Haslam uses background to start local business group
Eve Haslam is a local jazz singer with a powerful voice, but she also has a voice for business.
Jazz vocals aside, Haslam is now using her background in business to start up a start a small business association. Now, struggling business owners have a group of peers to turn to as they face daily challenges.
The group would serve as an effective session for business owners and managers to meet up and address challenges, as well as foster a community.
“The need is there,” Haslam said. “I've done this before, quite successfully, when I spearheaded an association for adult care home providers back in the 90s.”
While working with private clients, Haslam said she noticed that the resources available to business owners were limited. She said business owners needed a place to go where they can seek solutions, adding that not everyone could afford a business consultant or strategist.
“…This is a low budget proactive solution,” Haslam said. “Watching businesses open and close every year, while only being a local resident for three, is significant when we’re the county of entrepreneurship fertile with dreams.”
Haslam describes herself as an ambitious nurse, turned paralegal, turned writer/reporter, and a long-time singer.
“All my years were spent advocating for the small businessman and developing infrastructures from clinical policy manuals, to establishing legislation for the mentally ill in the department of corrections,” she said. “From local level municipalities to state jurisdiction. I created and ran my own non-profit animal rescue for years, which included the underground world of transport all throughout the nation. I have successfully put my own music career on a small map and grow it with goals.”
Haslam comes from a tenacious lineage of entrepreneurs. Both of her brothers work with their hands and have been coaches and her sister is in the healing arts with her own float-tank spa in Wilmington. Her late mother was steeped in philanthropy and the medical field, and her father graduated from The Juilliard School, is a retired teacher, composer, business developer and today resides in Hazelwood writing his seventh book.
“So, it's a no-brainer that I'm doing what I was born to do,” Haslam said. “Since I was in my twenties I've covered a wide geographical span living in every corner of the U.S. growing my expertise.”
Haslam said a successful business was one that follows a sound business model.
“Most businesses don't fail because of capitol, they close down because of a flawed mindset,” Haslam said. “Every business needs a mindset, aka a model to follow.”
Haslam’s business model addresses four components: how to operate, forecast, deliver and market. Most businesses only market and deliver, Haslam said.
“What makes a business successful is not always just beating the stats, but expanding from a sound model, or foundation, that champions timeless principles,” she added.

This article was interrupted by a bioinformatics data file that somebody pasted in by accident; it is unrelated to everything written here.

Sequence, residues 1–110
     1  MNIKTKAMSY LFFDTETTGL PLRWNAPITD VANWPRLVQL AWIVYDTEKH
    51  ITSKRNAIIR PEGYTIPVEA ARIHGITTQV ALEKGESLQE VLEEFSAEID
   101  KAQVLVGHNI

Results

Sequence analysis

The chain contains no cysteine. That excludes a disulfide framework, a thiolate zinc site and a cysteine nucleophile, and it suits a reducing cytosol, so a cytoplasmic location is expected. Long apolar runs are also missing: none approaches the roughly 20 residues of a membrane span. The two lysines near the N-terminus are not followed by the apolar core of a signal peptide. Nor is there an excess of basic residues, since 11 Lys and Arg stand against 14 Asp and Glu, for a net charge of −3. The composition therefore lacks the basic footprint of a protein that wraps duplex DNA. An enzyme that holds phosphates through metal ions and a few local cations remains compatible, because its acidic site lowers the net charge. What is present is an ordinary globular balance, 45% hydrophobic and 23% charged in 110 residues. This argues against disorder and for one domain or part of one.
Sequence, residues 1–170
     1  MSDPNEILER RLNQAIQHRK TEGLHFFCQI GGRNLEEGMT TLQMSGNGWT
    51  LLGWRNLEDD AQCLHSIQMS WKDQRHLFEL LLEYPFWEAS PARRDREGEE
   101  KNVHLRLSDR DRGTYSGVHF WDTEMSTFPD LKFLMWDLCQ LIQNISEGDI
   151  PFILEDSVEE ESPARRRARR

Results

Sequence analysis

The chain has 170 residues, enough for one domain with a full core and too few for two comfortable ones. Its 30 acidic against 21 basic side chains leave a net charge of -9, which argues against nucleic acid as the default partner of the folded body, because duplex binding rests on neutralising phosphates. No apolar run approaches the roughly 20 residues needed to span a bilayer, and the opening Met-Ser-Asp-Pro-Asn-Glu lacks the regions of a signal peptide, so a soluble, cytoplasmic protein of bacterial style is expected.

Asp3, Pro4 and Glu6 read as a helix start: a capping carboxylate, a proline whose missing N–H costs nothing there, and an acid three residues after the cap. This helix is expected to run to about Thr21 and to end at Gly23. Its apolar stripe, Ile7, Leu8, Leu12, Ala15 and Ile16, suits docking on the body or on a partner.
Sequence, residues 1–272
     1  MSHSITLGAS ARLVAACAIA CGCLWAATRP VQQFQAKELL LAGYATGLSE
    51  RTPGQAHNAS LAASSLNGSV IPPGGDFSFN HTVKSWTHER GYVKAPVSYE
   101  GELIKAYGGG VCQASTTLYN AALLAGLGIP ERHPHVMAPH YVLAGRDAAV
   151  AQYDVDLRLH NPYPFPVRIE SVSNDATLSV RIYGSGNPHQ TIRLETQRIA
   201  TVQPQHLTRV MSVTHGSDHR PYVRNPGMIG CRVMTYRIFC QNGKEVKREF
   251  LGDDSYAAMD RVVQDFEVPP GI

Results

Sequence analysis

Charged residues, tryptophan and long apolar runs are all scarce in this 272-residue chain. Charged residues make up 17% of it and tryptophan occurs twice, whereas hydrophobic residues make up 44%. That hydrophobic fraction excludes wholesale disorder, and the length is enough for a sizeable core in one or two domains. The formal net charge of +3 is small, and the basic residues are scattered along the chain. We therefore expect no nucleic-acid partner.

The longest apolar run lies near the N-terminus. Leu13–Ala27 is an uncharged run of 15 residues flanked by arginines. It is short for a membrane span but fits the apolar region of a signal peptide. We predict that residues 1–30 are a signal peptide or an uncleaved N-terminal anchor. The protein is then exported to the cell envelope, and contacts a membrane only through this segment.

Haslam specializes in the integrative health, non-profits, and performing arts industries, but her model applies to anyone, whether it’s someone starting up a business, someone advancing from their fifth year, or someone burned out in their 20th year.
Haslam is currently seeking the ideal platform so she can hold a bi-monthly mastermind group.
Haslam also is campaigning for her published ebook, "The 7 Absolutes Your Musical Career Requires," and is working on a business model that can help anyone or any group in business.
“Whether I speak at a local association or to a team in a local business, I bring so much enthusiasm for getting results,” Haslam said. “Everyone I have worked with has advanced.”
Haslam believes her business groups will benefit the local economy by influencing the mindset of the local business culture.
“How you think in business, more than plan, more than invest, more than location — is the key to future success and nobody has to go out of business,” she said.
Haslam said Haywood County would benefit from her business philosophy.
“The other reason most businesses don't succeed, and this is huge, is because the owner can stifle the growth — not purposely,” she said. “Emotional maturity is a requirement in every business ... and that's just rare. Most don’t want to give up control and make it all about their own preferences as opposed to what I teach, which is to serve the business, not the individual. Exhaustion and health issues end up taking a long struggling business down.”
Haslam is also launching a workshop for performing artists at the new music program at Haywood Community College, headed by Brett Pinkston. The workshop addresses how to manage a "real world" musical career.
The workshop will run for five afternoons from 3-5 p.m., beginning on Monday March 24-28. For registration and payment information, contact Pinkston at 828-564-5091 or 828/246-3582, or by email at firstname.lastname@example.org
For any business owners who would like to get involved, Haslam offers a three-hour strategy action session for free to assess the business and form an action plan. Haslam can by reached by phone at 828-707-0564, or visitors are invited to drop by hwe office at 62 Church St. in downtown Waynesville.
For information about popular ebooks, individual and group services, tailored workshops and or free consultations, visit http://www.givingvoicenetwork.com/
To hear her music and purchase a cd, visit http://www.evehaslam.com/home.cfm.